The Second African Burial Ground in Manhattan’s Lower East Side will finally receive proper recognition. Submissions are now open for a public artwork to honor the site, which resurfaced in public consciousness in 2006 when construction crews working on a New Museum extension found human remains. The Africa Society had buried free and enslaved Black people under the two blocks that now include the Sara D. Roosevelt Park after the location near what is now City Hall closed in 1794. While a museum and monument to commemorate the first burial ground exist, the Chrystie Street cemetery was left unacknowledged.
M’Finda Kalunga Garden, which translates to “garden at the edge of the other side of the world” in the Kikongo language, had been working toward a memorial for several years. Debra Jeffreys-Glass, a volunteer leader, dreamed of the project to continue the organization’s work of honoring the Black people that shaped the LES. Now, FABnyc, a coalition of cultural and artistic organizations combating cultural displacement in the neighborhood, has launched an application for a proposed installation, which will close before midnight EDT on Saturday, March 18.
In a two-round process, a group of around seven stakeholders including Black cultural leaders, historians, and arts professionals will select an artist or collective after narrowing down the submissions to a shortlist. Grantees whose project best resonates with the burial ground, fits with the garden’s landscape, and educates the public will receive $32,500 to cover an artist fee and expenses. FABnyc will announce the selected installation this spring and provide finalists with a $1,000 honorarium, and the public opening is tentatively slated for Juneteenth Independence Day 2024, giving artists a year to plan and execute.
Once selected, recipients will have time to collaborate with M’Finda Kalunga to develop their proposal before constructing. FABnyc’s executive director, Ryan Gilliam, told Hyperallergic that it’s important for artists to consider residents’ voices when designing the project, as the installation will be in their space. “Part of what we’re looking for is an artist who has some experience working with communities,” said Glass.
In 2019, FABnyc partnered with M’Finda Kalunga to commission the temporary exhibition LES Black & Red. Dennis Redmoon Darkeem, an artist of African-American and Yamassee Creek-Seminole heritage who was born and raised in New York, displayed seven collage works and four light boxes honoring the values and histories of the Lenape and African peoples of the LES.
Gilliam notes that many current residents may not realize the area’s heritage, which is why the installation is crucial. “It’s a welcoming call,” he said. “It helps make a more welcoming environment for Black residents now.”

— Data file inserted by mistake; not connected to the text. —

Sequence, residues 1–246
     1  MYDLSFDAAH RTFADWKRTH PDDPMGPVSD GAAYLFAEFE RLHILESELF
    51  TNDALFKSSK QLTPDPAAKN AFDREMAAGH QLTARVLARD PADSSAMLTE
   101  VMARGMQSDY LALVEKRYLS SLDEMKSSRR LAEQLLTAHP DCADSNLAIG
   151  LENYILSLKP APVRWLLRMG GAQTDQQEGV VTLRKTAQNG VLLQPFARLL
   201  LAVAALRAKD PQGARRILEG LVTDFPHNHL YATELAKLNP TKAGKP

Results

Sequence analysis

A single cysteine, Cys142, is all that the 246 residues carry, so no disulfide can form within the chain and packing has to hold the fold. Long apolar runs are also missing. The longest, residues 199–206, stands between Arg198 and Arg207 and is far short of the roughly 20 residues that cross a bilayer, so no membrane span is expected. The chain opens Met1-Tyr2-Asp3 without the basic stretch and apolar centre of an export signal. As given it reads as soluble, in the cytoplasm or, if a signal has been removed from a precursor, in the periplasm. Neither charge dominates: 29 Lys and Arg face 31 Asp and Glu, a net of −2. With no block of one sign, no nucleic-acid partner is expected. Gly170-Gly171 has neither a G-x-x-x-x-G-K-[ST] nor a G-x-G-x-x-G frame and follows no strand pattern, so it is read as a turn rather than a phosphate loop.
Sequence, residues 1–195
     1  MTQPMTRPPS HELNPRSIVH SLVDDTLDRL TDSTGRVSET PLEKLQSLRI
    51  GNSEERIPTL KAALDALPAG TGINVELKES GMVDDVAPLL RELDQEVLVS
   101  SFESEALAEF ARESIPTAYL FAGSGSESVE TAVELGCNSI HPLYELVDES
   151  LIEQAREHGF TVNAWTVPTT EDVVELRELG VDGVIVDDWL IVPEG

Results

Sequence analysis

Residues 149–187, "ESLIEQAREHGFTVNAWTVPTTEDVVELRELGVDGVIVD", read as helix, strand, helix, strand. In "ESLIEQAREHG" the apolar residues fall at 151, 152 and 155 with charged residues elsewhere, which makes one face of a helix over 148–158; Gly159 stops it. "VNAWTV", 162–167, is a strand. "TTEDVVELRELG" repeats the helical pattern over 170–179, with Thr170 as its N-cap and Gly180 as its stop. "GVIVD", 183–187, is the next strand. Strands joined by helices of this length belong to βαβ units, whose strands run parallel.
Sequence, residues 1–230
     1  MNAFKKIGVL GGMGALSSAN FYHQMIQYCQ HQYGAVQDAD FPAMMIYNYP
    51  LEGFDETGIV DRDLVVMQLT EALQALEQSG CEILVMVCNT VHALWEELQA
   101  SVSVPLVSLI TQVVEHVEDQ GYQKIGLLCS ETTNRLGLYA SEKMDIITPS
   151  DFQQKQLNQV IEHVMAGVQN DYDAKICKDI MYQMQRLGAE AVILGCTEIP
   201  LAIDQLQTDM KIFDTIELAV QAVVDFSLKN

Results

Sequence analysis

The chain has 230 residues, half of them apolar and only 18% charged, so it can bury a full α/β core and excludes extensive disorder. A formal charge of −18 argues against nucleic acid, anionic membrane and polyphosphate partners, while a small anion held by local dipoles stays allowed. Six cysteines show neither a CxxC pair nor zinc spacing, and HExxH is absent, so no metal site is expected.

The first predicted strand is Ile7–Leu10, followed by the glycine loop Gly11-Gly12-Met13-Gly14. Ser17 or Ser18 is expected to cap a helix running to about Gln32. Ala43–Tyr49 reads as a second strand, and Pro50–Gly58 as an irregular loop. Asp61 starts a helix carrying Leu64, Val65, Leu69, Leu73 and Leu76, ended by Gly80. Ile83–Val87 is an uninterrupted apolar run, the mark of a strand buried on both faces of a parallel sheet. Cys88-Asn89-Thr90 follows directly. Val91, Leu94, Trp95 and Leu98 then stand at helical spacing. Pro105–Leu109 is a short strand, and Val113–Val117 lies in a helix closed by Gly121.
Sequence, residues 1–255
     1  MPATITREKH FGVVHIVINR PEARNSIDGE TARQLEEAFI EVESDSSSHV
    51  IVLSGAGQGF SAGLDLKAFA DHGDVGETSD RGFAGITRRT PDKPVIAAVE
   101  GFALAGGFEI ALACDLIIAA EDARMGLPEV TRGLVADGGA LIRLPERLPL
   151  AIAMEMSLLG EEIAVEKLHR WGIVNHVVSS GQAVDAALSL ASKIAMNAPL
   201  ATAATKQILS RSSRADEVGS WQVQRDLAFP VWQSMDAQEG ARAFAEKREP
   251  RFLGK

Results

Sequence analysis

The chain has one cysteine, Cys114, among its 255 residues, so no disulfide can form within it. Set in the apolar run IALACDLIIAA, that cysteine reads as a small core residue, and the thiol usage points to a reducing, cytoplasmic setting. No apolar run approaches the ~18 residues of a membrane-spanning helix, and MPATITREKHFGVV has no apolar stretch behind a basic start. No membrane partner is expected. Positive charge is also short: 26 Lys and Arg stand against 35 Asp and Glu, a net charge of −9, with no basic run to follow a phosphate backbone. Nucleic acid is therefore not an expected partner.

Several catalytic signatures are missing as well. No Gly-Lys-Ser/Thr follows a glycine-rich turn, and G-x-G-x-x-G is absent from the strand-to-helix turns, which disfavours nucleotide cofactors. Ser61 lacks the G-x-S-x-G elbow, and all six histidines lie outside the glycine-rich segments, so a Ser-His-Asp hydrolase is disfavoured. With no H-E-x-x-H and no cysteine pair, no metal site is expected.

MTV’s The Exhibit Is Back With an Inflatable Dolphin
Episode four, in which artists tackled themes of justice and injustice, was the most lifeless of the reality TV show so far.
Florida Principal Ousted Over “Pornographic” Michelangelo Sculpture
Parents complained that the famous sculpture was shown to their sixth graders.
The Milton Resnick and Pat Passlof Foundation Presents The Feminine in Abstract Painting
Curated by Jennifer Samet and Andrea Belag, this group exhibition in NYC explores the feminine through aesthetics, as opposed to identity or gender.
Tickets to Sold-Out Vermeer Show Are Going for Hundreds
The online resale market for the Rijksmuseum’s smash exhibition is booming, with tickets selling on eBay for over $2K.
NYU Steinhardt Opens 2023 MFA Thesis Exhibitions
Taking place at 80WSE Gallery in New York’s Greenwich Village, Part I is on view from late March through April while Part II opens in May.
Miniature Worlds: Joseph Cornell, Ray Johnson, Yayoi Kusama
Through small-scale works, this exhibition at the Katonah Museum of Art in New York examines Cornell’s prominent role in the lives and careers of Johnson and Kusama.
Three Looted Antiquities at the Met Repatriated to Turkey
Nine other repatriated works were seized from Met Trustee Shelby White, whose collection was subject to a criminal investigation.
This week, the world’s lightest paint, Pakistan’s feminist movement, World Puppy Day, and were some of Vermeer’s paintings created by his daughter?
The Wider World and Scrimshaw
On March 28, join the New Bedford Whaling Museum online and in-person for a symposium on global carving traditions from across the Pacific Rim.
Who Will Decide on the Future of a Miami Native Burial Ground?
Native activists say sacred remains and objects dug up from a Brickell construction site should remain there, but mega-developer Jorge Pérez is pushing back.
How Can a Curator Approach South Asian Futurisms?
How do I acknowledge my shortcomings while reckoning with obscured histories and the exclusion of subaltern narratives in the fine art landscape? A working checklist for curators.
MCA Chicago Presents On Stage: Frictions
Will Rawls, Shamel Pitts | TRIBE, and Barak adé Soleil explore Blackness, queerness, movement, and dance in performances at the Museum of Contemporary Art Chicago.
The Complicated Legacy of Camilo Egas
The Ecuadorian painter, a leading figure of Latin America’s Indigenismo art movement, has been both praised and scorned for his representation of Indigenous peoples.
Tom Jones Zeroes in on Ho-Chunk Visibility
“I think about the young kids, the teenagers, and I think being able to see yourself represented in art is so powerful,” says the artist.